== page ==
The Book of Psalms is an amazing gift to the church. Says John Piper, “The Psalms, more intentionally than any other book of the Bible, is designed to carry, express, and shape our emotions, to give vent to them — all of them, and shape them, to reign them in, and to free them up, to explode them, and to kill them when they should be killed.”
The Psalms are useful for shaping our emotions, and rich devotional fuel for the soul, but how are these ancient Psalms to function in the life of the gathered church in weekend worship? Most of us don’t sing from the Psalter, or even recite from the Psalms on a typical Sunday, although such a practice seems to be assumed by the early church (Ephesians 5:19, Colossians 3:16).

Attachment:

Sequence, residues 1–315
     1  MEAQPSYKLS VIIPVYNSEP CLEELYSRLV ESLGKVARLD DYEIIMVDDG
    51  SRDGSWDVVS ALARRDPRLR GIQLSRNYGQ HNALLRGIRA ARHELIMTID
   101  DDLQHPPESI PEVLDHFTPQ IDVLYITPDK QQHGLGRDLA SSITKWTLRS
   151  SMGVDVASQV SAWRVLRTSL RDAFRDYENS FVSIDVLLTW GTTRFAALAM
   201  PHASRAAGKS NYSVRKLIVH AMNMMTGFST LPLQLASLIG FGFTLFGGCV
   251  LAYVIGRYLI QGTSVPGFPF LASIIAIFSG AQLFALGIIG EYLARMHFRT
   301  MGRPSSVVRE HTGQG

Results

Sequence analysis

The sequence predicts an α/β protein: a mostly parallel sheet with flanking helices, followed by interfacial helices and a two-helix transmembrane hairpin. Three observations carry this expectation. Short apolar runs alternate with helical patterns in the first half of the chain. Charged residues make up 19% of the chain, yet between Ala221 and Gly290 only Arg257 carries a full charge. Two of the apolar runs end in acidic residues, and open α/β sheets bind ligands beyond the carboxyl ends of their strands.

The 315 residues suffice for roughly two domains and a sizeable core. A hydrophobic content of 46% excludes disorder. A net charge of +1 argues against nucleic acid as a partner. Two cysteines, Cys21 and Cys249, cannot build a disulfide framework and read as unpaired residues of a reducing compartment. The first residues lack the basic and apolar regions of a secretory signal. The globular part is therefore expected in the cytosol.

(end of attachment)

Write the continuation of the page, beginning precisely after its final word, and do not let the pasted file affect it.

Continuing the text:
So we recently went online with Old Testament scholar Gordon Wenham to think more about the place of the Psalms in the life of the local church. Wenham, 70, now serves as an adjunct professor at Trinity College, Bristol. He is the author of several books and commentaries, and from his home in Bristol he talked with us about his newest book, The Psalter Reclaimed: Praying and Praising with the Psalms (Crossway, 2013).